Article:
We listen to our mothers and our teachers, and we listen to nurses, all of which are traditionally female roles. People respond to women in a positive way, which means that we demonstrate superior Leadership values. The world has to change somehow, and more female leaders are the way to go for that to happen. 

Diverse Perspectives Drive Innovation

Rosalind Franklin
Rosalind Franklin

Diverse perspectives undeniably drive innovation, and history is replete with examples of breakthroughs achieved by collaborating with individuals from various backgrounds. Consider the story of Rosalind Franklin, whose groundbreaking work in X-ray crystallography played a pivotal role in deciphering the structure of DNA.

Her contributions and those of James Watson and Francis Crick led to the Nobel Prize in Physiology or Medicine in 1962. In the business world, Indra Nooyi, the former CEO of PepsiCo, demonstrated the power of diverse perspectives in driving innovation.

Nooyi’s leadership focused on expanding the company’s product portfolio to include healthier options, recognizing the shifting consumer preferences towards wellness. Under her tenure, PepsiCo successfully acquired brands like Tropicana and Quaker Oats, transforming the company into a global leader in the health and wellness sector.

These examples underscore how diverse perspectives, whether stemming from gender, race, or background, have consistently catalyzed innovative thinking, pushing the boundaries of human knowledge and achievement.

Improved Decision-Making

Research has consistently shown that diverse teams make better decisions. Gender-diverse leadership teams tend to consider a wider range of factors and potential consequences, reducing the risk of groupthink and cognitive bias. By having more female leaders, organizations can tap into the collective wisdom of their workforce, resulting in more thoughtful and well-rounded decision-making.

Enhanced Organizational Performance

Mary Barra, the CEO of General Motors.
Mary Barra, the CEO of General Motors

Enhanced organizational performance is a tangible outcome of having more female leaders at the helm of businesses and institutions. Numerous studies have substantiated the correlation between gender diversity in leadership and improved financial results. Take, for instance, Mary Barra, the CEO of General Motors.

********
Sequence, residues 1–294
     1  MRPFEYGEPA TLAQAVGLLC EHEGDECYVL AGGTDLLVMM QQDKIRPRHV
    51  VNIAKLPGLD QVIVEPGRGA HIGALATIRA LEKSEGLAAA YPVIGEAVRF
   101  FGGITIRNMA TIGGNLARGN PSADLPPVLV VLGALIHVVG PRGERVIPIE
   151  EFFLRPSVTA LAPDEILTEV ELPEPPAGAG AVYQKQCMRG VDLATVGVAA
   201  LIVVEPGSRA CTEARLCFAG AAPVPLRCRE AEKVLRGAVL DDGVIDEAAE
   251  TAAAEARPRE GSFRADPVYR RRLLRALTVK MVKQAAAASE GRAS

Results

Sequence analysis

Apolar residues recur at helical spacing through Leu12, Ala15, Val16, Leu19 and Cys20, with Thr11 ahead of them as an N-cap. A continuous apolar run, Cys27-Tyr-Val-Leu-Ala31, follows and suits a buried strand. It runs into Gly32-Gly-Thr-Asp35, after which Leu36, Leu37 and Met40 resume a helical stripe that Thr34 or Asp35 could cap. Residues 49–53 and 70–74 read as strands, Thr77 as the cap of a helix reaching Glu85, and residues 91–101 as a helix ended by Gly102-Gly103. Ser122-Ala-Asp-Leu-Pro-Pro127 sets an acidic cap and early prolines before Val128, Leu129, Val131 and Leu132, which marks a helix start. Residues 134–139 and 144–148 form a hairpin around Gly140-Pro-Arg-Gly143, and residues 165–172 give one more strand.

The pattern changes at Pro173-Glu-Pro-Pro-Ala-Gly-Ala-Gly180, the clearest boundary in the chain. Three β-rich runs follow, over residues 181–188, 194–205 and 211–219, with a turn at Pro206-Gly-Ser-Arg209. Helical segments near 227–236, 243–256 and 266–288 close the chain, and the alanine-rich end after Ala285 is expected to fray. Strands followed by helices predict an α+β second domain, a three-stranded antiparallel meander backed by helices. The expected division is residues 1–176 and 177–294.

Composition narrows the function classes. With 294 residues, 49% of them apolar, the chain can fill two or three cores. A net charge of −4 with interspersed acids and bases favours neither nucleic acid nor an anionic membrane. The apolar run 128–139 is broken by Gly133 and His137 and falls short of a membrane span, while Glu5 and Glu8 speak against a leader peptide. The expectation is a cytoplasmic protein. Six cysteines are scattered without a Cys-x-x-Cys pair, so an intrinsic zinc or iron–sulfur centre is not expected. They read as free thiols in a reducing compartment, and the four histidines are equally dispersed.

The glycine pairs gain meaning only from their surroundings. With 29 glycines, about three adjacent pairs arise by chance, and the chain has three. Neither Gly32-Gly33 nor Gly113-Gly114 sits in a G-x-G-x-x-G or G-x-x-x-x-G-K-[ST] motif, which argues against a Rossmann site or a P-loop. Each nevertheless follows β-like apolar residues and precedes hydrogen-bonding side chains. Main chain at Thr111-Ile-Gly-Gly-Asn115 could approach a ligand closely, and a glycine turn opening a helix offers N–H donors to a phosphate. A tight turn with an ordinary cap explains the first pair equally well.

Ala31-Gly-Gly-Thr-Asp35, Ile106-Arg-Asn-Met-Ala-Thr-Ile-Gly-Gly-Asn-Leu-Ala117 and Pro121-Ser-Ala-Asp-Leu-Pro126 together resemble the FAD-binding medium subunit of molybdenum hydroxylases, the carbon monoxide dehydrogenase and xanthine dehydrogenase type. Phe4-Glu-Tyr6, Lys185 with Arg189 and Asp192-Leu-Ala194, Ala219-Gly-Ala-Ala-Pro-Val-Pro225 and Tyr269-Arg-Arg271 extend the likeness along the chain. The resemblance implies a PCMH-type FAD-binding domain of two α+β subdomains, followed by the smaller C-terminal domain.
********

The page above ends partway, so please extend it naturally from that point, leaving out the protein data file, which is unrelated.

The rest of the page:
Under her leadership, the company has thrived, consistently reporting solid financial performance. Barra’s commitment to innovation and sustainability has guided General Motors into the era of electric vehicles, positioning the company as an industry leader in this transformative sector. Similarly, Ginni Rometty, the former CEO of IBM, spearheaded the company’s shift towards cloud computing, artificial intelligence, and data analytics, rejuvenating IBM’s growth prospects.

In the financial sector, Jane Fraser made history by becoming the first woman to lead a major Wall Street bank as the CEO of Citigroup. Her strategic vision and digital banking emphasis have positioned Citigroup for sustained growth. These examples underscore the significant impact that female leaders can have on an organization’s bottom line.

Moreover, studies from McKinsey and other research institutions consistently show that companies with more women in leadership roles tend to outperform their peers in terms of profitability and shareholder value. The relationship between gender diversity and enhanced organizational performance is not coincidental but rather a reflection of the diverse skills, perspectives, and talents that women bring to the table, driving innovation and fostering a culture of success.

Reflecting the Demographics of Society

A diverse leadership team is essential for organizations that aim to resonate with and serve a diverse customer base. In many societies, women constitute a significant portion of the population and hold significant purchasing power. Having female leaders can help organizations better understand and connect with their female customer base, leading to more effective marketing strategies and customer satisfaction.